There is a new object in the sky. Comet ISON is an icy wanderer making its first and probably last last trip into the solar system from its previous home in the Oort cloud. It will graze by the Sun brilliantly and then depart. As it approaches the inner solar system, it is now inside the orbit of Earth, astronomers have been watching its outbursts of ice and volatile materials which then reflect sunlight and make the comet very bright. It is just visible to the naked eye according to some reports now. Comet ISON has increased in brightness many times over in the last few days.
We don’t know how bright it will get. Astronomers generally just don’t know as much about comets as we would like. The comet has undergone outbursts of brightening and dimming, while generally tending to get brighter as it enters in to the inner solar system ISON may become entirely disrupted or get brighter and brighter – the comet of the century. The reason for all this uncertainty is that comets and this object in particular are not well studied. But also it is that comets are not dense rocks, but rather they are loose aggregations of dust, rubble, and ices. Tidal forces and heating of the ices can literally unbind entire comets. I haven’t been able to see it for myself yet, it hasn’t been quite visible because it rises so late I think. Currently, if you want to see comet ISON from North America look east right before dawn as it passes Mercury.
Here is a finding chart for comet ISON (and also for comet Lovejoy) so maybe you can spot it soon. A pair of binocular makes it easy. Currently ISON is swinging by the bright star Spica in Virgo. To find it follow the handle of the big dipper and “arc to arcturus” as they say then follow that arc on the Spica. ISON will be the fuzzy star nearby. Who knows how bright it will be when you look up; it may or may not be visible to the naked eye (last report I read said it was at magnitude 5.5, which is on the edge of visible to the naked eye in clear dark skys). It will look like a lollipop or balloon shape because the tail. It has a central blue-green nucleus and a long narrow tail. It is also currently a full moon, the Frost moon so the sky will look lovely regardless.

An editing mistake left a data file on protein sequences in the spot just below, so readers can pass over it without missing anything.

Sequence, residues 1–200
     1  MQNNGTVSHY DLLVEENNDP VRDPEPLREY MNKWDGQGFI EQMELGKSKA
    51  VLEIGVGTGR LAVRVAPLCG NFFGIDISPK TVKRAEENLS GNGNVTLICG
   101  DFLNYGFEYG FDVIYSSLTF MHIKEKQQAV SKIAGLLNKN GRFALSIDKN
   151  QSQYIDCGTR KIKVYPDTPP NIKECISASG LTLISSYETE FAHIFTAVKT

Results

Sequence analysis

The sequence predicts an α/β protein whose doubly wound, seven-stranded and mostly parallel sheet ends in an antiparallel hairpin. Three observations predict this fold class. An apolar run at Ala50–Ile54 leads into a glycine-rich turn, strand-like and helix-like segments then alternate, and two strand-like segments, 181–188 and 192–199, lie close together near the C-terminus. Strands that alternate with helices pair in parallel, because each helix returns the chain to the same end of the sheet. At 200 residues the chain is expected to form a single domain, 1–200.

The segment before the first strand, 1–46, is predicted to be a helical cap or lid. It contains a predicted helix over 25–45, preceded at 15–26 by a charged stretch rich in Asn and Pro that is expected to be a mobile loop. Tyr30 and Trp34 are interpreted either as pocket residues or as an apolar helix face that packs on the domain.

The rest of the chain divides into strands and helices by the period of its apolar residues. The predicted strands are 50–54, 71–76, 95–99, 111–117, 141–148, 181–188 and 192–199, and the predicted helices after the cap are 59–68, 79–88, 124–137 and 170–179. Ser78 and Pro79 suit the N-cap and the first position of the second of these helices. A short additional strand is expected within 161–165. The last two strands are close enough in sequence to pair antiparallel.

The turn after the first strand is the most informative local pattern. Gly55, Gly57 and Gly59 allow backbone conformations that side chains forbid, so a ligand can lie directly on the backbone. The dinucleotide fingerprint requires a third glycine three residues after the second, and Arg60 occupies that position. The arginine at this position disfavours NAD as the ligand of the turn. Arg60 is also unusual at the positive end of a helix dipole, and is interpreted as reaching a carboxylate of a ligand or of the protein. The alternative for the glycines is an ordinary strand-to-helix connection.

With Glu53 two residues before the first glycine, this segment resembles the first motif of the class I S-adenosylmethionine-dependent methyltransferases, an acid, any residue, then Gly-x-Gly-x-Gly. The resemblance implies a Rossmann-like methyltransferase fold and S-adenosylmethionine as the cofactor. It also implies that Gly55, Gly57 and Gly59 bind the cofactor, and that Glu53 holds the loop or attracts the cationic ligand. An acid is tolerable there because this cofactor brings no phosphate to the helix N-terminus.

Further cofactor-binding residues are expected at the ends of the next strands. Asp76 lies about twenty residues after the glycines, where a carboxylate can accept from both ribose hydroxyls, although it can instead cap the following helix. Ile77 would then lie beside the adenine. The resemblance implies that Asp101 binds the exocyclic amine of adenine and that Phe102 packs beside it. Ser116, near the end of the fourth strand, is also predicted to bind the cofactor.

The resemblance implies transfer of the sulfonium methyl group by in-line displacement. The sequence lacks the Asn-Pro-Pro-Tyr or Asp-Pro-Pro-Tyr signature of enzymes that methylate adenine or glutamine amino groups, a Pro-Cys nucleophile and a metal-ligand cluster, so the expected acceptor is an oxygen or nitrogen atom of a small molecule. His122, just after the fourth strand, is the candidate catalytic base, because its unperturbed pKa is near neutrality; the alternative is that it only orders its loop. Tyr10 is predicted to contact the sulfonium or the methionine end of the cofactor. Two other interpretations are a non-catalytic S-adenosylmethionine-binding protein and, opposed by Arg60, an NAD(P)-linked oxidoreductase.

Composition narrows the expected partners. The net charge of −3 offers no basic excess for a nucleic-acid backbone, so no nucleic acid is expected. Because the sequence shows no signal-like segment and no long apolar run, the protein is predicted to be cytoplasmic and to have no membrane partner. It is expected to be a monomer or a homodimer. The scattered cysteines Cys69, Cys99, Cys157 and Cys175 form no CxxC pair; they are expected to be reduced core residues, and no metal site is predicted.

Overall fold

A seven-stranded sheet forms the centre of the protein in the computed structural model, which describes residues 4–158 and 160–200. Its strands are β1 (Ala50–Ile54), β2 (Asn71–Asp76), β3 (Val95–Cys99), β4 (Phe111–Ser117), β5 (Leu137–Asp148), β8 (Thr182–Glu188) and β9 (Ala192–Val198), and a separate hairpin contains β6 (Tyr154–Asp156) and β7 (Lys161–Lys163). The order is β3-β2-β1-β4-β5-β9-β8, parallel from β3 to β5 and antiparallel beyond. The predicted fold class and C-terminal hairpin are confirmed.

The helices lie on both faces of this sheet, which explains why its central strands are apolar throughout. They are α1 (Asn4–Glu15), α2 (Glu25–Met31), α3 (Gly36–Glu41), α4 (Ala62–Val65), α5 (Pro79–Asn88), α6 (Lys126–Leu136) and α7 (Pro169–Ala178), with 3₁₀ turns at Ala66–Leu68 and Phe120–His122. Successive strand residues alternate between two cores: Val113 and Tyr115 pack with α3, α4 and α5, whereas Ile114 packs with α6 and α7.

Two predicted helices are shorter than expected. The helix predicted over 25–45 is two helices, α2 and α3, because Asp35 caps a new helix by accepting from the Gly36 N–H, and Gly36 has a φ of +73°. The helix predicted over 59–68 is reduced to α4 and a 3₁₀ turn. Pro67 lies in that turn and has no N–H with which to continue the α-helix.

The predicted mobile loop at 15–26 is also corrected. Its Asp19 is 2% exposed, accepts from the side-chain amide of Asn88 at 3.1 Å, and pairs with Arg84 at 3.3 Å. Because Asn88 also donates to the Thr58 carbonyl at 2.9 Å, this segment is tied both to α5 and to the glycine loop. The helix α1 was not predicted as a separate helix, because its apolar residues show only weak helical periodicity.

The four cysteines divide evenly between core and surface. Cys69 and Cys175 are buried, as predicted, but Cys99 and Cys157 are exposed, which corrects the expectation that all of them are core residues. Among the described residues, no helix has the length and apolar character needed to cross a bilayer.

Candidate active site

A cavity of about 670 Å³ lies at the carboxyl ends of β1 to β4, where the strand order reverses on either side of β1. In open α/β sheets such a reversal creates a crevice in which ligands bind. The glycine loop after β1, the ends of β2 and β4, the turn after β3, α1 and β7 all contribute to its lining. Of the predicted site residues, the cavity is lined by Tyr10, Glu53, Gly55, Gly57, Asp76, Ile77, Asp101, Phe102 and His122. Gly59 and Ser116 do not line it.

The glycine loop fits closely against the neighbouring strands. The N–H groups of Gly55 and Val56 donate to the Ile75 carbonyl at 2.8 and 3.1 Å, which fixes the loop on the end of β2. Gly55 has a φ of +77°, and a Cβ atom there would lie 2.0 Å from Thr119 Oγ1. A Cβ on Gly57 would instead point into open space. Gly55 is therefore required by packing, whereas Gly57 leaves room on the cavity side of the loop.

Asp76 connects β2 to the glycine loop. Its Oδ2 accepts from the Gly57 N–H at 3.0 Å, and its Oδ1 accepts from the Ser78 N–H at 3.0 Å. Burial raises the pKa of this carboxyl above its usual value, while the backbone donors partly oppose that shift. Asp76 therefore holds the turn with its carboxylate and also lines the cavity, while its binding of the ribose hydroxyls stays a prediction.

This is all just getting started. Comet ISON may dissentigrate at any time. It may fall apart as is grazes by the Sun around Thanksgiving day. Or it may survive and create quite the show in early and mid December after it has swung around the Sun when it will make its closest approach to Earth on December 26th. I have compiled a bunch of useful links if you are interested in learning more. Here is the comet ISON observing campaign. Here is a reddit astro-bot that follows and tags with coordinates pictures of astronomical objects including comet ISON. Here is Sky & Telescope’s continuously updated info on ISON. Here is an interactive 3d orbital diagram of ISON’s orbit. Here is an infographic showing that NASA has over 15 assets that will observe ISON. I will update this post with any good comet finding resources I find in the upcoming weeks and if you find anything helpful please comment below. Finally, here is a little more on about what comets are:
Updates (11.24.2013) and more links:
12 Cool Facts about Comet ISON
ISON’s orbital elements, magnitude graphs, and finding charts
NASA visualization of comet ISON’s path through the solar system
animated infographic of ISON’s path through constellations